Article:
Introducing: Tribes

Let me tell you a little secret. Being a music journalist isn’t always that great. You see a lot of groups, meet a lot of people and meet your heroes, but more often that not your illusions are quickly shattered. Of course there are tons of free gigs and promos but all too often you’ll find yourself jetting across the country in a rusty van on a half tip only to find that the would-be ‘next Clash’ make the Hoosiers sound like Queen. It’s something you put up with though. Because one in every thousand bands you see skulking round shit-end venues is as glorious as Tribes. And finding them and being able to tell the world makes it so fucking worth it.

The last new band we saw that was this good was The Heartbreaks (you’ll recall FMS exclusively revealed them last spring). And if those cheeky Mancs were a Smiths reincarnation for a Broken British decade, then London-based Tribes are a post-modern Pixies; soundtracking love, hedonism and revival for one and all. The charity-shop styled four-piece are the band One Night Only wanted to be: a credible, fiery rock band with guts, energy and guile. All the things lacking in so much new British music.

Singer and songwriter Johnny Lloyd is a proud Brit with a slightly apologetic fixation on American grunge. “We’re very much British,” he declares. “I love Pulp, Blur and Oasis but we’ve always been looking Stateside for influences. It’s not that they’re better – just that there’s a greater variety of influences.”

Born in Newcastle before moving to Coventry where he grew up with bassist Jimmy Cratchley, Lloyd developed an ear for music thanks to his father’s own record obsession.  “He’d always be giving me stuff to check out and he still is today,” he says, adding that Warpaint are his band of the moment.

“I’ve never been into jingle jangle indie pop, I know there’s a lot of it around Camden,” he adds, “but we grew up on stuff like Oasis and Pixies and that’s what we wanna sound like.” And since forming just over a year ago, sound like that they do: huge riffs, big basslines and even bigger choruses.

Joined by Dan White on guitar, hailing from Maidenhead near Kent, and drummer Miguel Demelo, originally born in South Africa, Lloyds’ songs lurch from stadium-burning anthemics to more raucous, lo-fi rock. He explains: “We wanted to do something a bit heavier and get away from the indie guitar sound with a bit more grit and a bit more grunge.”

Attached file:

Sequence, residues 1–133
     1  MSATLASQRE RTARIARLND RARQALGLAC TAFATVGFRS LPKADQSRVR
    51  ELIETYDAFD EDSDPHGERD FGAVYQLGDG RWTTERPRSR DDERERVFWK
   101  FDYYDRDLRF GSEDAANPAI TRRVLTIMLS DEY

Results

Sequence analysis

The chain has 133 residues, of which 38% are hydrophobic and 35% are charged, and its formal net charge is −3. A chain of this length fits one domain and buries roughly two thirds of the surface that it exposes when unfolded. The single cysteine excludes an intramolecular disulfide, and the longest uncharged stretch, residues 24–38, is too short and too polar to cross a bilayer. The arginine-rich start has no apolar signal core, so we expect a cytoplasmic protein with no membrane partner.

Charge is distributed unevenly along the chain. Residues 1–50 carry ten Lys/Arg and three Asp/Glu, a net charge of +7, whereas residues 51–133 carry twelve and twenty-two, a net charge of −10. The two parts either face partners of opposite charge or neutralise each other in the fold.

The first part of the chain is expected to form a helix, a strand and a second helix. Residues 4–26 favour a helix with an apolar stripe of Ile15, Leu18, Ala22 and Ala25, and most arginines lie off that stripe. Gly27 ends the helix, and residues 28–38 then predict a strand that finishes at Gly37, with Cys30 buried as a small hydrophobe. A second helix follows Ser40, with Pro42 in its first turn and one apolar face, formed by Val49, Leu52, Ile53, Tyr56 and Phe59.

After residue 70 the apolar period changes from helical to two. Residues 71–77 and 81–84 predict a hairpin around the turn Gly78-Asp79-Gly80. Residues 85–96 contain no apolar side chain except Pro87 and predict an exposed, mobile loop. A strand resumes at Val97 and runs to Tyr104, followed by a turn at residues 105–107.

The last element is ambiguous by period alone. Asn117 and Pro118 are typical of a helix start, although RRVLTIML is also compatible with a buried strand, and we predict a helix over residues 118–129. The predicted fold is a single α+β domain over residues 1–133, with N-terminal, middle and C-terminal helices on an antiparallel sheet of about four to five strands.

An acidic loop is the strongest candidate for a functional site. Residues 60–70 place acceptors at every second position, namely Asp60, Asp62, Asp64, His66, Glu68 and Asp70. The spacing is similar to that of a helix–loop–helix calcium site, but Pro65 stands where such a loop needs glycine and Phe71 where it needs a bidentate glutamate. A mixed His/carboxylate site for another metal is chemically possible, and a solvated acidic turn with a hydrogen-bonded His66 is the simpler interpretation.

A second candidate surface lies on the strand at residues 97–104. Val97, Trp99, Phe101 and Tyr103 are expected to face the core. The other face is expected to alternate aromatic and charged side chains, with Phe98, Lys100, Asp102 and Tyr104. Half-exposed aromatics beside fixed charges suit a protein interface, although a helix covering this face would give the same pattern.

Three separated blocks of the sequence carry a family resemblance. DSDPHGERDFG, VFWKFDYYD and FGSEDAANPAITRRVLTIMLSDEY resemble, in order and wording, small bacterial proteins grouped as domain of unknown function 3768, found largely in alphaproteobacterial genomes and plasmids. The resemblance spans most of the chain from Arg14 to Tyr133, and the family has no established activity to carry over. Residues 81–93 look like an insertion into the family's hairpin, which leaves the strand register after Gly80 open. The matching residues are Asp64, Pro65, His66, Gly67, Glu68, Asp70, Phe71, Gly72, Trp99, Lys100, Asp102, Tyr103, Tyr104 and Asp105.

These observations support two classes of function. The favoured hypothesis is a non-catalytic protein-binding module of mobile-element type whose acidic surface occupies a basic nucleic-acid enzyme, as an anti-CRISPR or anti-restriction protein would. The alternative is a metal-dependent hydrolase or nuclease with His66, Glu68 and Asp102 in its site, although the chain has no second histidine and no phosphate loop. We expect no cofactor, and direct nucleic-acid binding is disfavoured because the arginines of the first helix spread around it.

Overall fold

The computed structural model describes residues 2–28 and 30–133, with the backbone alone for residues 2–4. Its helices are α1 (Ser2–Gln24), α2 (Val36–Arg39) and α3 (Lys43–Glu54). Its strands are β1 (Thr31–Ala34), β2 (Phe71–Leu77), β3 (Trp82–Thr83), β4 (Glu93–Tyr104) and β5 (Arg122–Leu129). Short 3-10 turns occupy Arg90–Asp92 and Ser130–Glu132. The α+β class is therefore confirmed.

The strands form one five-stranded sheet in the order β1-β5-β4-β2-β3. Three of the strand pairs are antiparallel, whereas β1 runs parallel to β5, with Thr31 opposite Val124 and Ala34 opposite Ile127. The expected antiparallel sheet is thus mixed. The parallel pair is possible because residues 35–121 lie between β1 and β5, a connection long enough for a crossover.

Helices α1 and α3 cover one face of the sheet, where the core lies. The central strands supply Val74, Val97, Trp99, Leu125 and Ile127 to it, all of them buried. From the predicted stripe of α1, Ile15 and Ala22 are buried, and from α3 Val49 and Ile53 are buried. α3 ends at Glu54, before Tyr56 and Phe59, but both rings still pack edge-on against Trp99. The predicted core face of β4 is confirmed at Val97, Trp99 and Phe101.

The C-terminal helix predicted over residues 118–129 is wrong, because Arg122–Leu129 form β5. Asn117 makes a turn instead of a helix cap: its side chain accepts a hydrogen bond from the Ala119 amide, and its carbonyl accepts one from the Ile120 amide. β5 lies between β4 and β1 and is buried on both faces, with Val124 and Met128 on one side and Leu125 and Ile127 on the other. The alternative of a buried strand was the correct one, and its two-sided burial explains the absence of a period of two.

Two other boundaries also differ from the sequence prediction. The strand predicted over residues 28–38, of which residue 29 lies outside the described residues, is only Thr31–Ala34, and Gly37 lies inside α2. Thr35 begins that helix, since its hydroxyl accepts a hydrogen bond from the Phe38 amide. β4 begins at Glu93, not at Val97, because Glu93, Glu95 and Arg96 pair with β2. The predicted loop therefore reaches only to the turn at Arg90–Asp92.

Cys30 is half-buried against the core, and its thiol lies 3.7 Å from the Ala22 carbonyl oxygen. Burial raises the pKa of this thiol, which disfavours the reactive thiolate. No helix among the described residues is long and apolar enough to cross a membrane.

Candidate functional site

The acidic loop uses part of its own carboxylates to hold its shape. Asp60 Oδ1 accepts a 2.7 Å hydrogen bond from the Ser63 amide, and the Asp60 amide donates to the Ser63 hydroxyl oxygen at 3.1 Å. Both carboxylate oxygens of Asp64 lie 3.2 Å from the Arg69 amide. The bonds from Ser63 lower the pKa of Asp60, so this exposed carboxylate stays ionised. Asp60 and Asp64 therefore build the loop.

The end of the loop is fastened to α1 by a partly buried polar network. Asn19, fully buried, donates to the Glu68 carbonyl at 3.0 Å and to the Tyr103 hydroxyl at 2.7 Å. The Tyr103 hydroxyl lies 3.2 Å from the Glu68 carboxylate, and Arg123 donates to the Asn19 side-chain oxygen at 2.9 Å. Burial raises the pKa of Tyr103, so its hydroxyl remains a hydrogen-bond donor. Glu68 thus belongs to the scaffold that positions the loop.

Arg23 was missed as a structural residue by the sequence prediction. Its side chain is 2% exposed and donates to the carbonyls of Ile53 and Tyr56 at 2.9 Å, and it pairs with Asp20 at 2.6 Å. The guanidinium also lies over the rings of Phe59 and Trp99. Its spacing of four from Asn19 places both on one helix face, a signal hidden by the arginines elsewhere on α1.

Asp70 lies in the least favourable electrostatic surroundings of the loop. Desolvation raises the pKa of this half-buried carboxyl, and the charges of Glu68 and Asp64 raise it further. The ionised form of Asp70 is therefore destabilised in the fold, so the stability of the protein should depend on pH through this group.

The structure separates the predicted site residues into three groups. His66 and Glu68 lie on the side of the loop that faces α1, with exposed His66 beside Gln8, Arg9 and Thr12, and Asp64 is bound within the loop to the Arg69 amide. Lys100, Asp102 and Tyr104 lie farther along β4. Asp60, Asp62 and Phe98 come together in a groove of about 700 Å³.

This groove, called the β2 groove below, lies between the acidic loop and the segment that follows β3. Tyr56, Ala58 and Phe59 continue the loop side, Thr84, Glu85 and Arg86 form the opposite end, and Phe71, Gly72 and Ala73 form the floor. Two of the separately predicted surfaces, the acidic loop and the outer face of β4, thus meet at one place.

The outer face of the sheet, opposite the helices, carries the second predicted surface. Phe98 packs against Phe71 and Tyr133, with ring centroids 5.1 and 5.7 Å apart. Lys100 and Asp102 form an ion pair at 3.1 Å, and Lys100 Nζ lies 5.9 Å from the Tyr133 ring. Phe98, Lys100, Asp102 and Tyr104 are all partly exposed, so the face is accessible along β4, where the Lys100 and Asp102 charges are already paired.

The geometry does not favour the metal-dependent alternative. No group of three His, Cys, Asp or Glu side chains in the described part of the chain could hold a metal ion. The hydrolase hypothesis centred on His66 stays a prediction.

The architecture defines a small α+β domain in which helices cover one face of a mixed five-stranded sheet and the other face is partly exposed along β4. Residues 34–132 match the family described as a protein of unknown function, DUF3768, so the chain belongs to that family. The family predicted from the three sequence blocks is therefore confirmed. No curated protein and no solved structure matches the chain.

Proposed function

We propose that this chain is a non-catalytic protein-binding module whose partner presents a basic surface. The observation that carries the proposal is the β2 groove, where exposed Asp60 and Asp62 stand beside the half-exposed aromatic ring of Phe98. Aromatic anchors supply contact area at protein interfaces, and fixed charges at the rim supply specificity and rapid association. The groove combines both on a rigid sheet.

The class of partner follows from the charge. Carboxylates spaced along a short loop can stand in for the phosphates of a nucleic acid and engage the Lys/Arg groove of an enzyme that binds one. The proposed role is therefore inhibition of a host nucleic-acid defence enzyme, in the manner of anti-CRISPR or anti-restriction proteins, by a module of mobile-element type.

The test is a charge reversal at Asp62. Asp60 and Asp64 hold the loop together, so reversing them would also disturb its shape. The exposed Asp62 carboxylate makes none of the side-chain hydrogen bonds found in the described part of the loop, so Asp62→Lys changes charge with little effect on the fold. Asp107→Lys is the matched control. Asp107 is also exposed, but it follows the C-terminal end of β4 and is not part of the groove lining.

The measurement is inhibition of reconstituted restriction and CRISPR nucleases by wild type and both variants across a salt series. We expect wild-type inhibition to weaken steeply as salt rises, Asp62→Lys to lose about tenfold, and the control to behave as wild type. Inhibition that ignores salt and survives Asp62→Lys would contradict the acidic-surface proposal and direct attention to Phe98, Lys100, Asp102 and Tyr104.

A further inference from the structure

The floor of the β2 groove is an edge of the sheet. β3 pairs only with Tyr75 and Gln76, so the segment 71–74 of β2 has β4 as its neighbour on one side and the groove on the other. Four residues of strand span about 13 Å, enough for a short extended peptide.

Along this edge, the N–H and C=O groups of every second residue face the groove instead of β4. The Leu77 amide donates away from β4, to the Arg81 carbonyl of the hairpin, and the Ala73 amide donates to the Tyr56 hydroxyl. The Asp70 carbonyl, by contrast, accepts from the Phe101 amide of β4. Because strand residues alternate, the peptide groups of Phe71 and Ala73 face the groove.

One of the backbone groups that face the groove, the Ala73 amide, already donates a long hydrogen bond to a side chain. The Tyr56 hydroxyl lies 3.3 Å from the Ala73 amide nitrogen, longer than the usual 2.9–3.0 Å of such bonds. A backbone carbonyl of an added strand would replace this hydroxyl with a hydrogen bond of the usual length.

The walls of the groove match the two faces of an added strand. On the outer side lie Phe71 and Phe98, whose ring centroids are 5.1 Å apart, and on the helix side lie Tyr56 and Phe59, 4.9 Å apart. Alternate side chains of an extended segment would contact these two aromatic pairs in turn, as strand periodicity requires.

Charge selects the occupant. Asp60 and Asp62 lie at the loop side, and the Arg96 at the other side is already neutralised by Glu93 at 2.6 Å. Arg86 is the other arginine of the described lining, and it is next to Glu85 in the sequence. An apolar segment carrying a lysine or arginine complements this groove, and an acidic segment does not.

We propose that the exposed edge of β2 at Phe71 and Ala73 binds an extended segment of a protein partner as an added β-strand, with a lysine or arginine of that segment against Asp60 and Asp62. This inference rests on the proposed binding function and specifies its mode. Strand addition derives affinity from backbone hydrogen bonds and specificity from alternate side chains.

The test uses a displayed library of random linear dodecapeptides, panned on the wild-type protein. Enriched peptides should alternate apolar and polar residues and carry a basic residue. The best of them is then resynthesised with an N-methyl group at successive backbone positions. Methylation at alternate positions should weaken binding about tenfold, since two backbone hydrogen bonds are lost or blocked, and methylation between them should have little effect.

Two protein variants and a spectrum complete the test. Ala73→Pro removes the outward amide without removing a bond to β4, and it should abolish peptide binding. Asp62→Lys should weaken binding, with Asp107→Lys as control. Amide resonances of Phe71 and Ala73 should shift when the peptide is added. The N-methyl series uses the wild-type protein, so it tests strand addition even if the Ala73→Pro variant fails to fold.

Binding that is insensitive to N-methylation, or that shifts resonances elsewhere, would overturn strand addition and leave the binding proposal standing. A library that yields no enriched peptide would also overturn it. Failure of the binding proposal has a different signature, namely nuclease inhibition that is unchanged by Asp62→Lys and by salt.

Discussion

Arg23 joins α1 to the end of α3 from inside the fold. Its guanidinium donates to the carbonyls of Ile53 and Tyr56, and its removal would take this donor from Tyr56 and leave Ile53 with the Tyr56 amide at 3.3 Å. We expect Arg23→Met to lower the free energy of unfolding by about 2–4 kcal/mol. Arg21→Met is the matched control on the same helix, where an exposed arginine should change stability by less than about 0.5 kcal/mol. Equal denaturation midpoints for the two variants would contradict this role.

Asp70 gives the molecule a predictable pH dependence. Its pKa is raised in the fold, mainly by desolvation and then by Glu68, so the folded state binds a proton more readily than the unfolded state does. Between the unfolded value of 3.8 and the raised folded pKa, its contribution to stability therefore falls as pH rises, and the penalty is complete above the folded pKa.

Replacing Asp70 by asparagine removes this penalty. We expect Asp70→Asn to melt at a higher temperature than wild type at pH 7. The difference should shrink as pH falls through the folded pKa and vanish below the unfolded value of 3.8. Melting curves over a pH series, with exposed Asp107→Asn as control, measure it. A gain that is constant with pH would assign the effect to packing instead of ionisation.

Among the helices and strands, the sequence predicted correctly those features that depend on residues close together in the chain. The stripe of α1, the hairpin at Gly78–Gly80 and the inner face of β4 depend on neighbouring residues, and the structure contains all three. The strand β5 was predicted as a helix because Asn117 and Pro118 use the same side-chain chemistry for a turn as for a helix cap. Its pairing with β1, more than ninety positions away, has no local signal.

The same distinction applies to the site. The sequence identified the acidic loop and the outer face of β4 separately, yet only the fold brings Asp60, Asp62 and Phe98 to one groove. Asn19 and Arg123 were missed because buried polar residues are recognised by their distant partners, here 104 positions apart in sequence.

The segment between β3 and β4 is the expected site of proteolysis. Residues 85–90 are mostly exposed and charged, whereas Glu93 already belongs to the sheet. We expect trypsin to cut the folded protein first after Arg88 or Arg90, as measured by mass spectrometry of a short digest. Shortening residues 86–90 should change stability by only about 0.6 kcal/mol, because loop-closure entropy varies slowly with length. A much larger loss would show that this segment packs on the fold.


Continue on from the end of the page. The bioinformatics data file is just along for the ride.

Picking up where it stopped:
Having dropped out of the various art colleges, life for Tribes consists of rehearsing, writing, partying and working odd jobs. “I’ve written a book as well,” Lloyd adds, “called A Journey Through the Heart of a Pig.” It’s a sci-fi novel influenced by his love of Kurt Vonnegut, the acclaimed American writer.

His song craft involves writing on an eight-track recorder and Lloyd insists that the band can quickly tell if a song will work. “We want it to be easy music you can get your head around first listen. The depth will come through the lyrics and the live shows. We wanna make immediate rock songs to jump and get pissed to.”

As you’d expect for a twenty-nothing Camden four-piece, Tribes’ fashion sense is very much of the charity shop chic variety. “We just wear each others’ clothes – we’re completely skint,” he says. “They’ve called us the Camden Vampires. We’re four blokes – we’re not in a band to have an excuse to dress well.”

At the minute though, Tribes focus is on playing their skins off everywhere they can. “The Libertines were explosive – it didn’t matter what they played. That’s the kind of energy we’d like to exude on stage.” But he admits that if they don’t succeed on their first album, they’re likely to be dropped. “Radio One completely dominates the country and you can’t even buy a CD in Camden any more,” he complains.

But like all great bands, Tribes have a strong work ethic. “We don’t want a fast-track route,” Lloyds says. “I know bands that have been signed for silly money, but I don’t wanna be in that position. I’d rather grind it out.”

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Words: Andrew Future
Photo: Michael Robert Williams
Art Editor: Elliott Webb

This feature was first published in Issue 08 of FASHION.MUSIC.STYLE, February 2011.
Tribes ‘We Were Children’ and ‘Whenever’ featured on the accompanying album, Five Unsigned Vol.8